Ensign Ralph O. Barajan of the Philippine Coast Guard was awarded the highest honor from the International Maritime Organization.

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The International Maritime Organization (IMO) awarded a Filipino the highest distinction for his bravery in early April this year, leadership, and dedication in ensuring the survival of 62 people onboard the M/V Siargao Princess when it sank in Sibunga, Cebu, in November 2019.

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In a virtual awards ceremony streamed live on the United Nations specialized agency’s YouTube page, Philippine Coast Guard (PCG) officer Ensign Ralph O. Barajan was presented with the IMO Award for Exceptional Bravery at Sea. Two Brazilian pilots were also recognized for their decisiveness and ship handling expertise in preventing a massive maritime oil disaster.

Azerbaijan, Bulgaria, China, France, Mexico, Pakistan, Republic of Korea, Russia, and Vietnam were among the worthy nominees. They were nominated by their governments and assessed by an IMO assessment panel comprised of non-governmental organizations. The top recipients were presented with diplomas and medals in honor of their achievements.

The shipwreck occurred on November 7, 2019. Even though it was over a year ago, the details in the mind of then-Seaman First Class (SN1) Barajan remain vivid. When asked to recount the circumstances leading up to the disaster, he responds, “Hindi natin makakalimutan yun.”

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The 31-year-old PCG officer recalls the day as bright and beautiful, with no signs of a weather disturbance on the horizon. He was aware of this because he was watching weather reports at the time. He recalls, “Normal, blue skies, hindi maalon.” He was then transferred to a coast guard station in Southern Cebu, but he would return to his home in Bohol on a regular basis.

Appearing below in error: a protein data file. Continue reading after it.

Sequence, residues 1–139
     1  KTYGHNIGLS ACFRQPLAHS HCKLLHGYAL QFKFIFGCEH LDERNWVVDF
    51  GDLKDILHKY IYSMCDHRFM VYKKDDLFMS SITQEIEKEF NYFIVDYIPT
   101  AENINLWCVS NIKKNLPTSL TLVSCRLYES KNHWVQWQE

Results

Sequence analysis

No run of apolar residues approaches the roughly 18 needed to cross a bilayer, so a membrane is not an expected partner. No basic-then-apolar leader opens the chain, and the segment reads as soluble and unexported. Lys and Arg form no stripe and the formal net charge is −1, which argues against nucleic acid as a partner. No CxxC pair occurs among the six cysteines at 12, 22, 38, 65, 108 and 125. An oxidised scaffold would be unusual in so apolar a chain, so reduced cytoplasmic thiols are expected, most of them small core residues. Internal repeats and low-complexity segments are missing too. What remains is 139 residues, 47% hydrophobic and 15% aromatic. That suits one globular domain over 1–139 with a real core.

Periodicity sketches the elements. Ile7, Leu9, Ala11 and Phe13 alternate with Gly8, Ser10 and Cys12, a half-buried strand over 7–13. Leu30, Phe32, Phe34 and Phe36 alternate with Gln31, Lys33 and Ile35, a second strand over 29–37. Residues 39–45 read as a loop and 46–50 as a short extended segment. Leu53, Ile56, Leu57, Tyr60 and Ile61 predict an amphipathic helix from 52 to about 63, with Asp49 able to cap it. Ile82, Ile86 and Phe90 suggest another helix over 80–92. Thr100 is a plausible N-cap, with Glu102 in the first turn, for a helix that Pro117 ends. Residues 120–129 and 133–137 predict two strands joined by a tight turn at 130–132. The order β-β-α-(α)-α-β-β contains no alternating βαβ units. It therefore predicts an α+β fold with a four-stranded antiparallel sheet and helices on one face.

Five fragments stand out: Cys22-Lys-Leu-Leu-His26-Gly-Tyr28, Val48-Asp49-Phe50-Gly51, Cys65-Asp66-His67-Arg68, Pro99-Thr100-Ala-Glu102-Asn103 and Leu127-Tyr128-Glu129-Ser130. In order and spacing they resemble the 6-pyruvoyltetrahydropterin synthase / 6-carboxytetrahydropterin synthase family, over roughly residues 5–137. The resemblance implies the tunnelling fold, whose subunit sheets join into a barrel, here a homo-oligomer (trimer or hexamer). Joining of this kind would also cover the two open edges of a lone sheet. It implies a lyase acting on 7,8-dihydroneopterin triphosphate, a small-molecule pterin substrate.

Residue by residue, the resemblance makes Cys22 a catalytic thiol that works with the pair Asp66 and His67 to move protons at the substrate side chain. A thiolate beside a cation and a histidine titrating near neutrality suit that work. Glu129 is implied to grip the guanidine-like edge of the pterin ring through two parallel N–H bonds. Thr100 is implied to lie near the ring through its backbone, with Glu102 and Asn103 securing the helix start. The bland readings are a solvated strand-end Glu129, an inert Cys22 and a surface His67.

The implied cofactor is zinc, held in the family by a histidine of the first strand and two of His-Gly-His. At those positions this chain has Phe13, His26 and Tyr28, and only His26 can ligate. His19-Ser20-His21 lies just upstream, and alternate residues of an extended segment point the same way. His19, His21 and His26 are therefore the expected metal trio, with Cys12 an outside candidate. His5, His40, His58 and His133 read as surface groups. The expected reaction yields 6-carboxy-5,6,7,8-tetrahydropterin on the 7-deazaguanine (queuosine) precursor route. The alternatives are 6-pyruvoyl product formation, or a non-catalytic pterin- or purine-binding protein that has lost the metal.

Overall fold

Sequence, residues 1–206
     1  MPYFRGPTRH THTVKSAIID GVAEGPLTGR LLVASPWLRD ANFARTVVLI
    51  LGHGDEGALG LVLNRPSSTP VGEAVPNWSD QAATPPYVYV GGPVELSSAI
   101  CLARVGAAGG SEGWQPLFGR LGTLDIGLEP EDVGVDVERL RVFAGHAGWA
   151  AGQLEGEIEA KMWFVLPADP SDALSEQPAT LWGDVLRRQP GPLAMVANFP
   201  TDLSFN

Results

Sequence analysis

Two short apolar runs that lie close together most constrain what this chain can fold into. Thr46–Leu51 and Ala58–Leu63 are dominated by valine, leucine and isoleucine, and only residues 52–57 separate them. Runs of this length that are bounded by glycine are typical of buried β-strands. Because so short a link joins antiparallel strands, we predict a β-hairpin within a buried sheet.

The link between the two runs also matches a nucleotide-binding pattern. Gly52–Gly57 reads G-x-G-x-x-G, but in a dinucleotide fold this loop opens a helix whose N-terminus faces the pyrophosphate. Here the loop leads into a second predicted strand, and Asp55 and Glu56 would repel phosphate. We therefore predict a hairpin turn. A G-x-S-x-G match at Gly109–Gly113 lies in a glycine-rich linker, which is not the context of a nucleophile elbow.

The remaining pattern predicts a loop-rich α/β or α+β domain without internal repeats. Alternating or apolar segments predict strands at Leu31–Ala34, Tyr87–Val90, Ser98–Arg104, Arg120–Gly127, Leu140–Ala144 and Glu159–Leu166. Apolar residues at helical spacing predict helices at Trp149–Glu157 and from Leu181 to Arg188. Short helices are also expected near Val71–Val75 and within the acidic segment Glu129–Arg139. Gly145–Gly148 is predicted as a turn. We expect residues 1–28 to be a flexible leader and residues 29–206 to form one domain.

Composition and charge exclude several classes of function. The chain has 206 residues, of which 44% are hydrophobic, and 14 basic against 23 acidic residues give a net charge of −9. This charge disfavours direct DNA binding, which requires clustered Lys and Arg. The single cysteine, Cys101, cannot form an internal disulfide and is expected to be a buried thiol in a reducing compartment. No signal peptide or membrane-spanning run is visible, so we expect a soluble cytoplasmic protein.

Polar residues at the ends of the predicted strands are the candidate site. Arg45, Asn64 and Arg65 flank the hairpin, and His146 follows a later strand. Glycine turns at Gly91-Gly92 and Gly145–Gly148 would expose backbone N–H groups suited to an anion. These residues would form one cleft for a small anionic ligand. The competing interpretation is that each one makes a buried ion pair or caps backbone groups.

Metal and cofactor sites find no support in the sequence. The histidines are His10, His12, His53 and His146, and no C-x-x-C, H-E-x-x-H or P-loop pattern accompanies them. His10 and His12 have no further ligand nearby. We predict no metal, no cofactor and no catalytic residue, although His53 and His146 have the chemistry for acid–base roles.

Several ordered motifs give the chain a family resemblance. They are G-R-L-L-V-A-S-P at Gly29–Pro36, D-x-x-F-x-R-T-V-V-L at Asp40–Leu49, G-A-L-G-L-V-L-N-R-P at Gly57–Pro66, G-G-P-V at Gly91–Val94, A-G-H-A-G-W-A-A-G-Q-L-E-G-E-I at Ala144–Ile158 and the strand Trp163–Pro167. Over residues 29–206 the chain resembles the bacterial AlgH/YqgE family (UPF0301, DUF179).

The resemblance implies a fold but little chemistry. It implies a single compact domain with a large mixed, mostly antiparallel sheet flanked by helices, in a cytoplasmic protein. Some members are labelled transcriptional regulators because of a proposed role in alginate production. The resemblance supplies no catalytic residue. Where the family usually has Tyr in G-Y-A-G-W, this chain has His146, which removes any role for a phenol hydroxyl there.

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Barajan took the first available journey at the Catagbacan Port in Bohol after receiving an urgent call to report for work. During the journey, he was dozing off when he was startled by a ruckus. Strong waves were crashing against their ship.

As soon as the vessel began to take in water, Barajan immediately notified nearby coast guard stations and substations that their ship, the M/V Siargao Princess, was in difficulty. He also dialed his PCG station commander. “At the moment, kami was alam ko nang lulubog. He recalls, “Nakita ko na doon na talaga papunta.”

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As the waves grew stronger, Barajan began to speak with the passengers in an attempt to calm them down. He said he worked for the PCG and had alerted the stations about their predicament. The passengers in the front were ordered to relocate to the back, to make no movements in order to avoid becoming unbalanced, and to wear their life jackets. When he noticed the children’s passengers lacked life jackets, he went on the upper deck to find the crew and request that they offer the children with the flotation gear.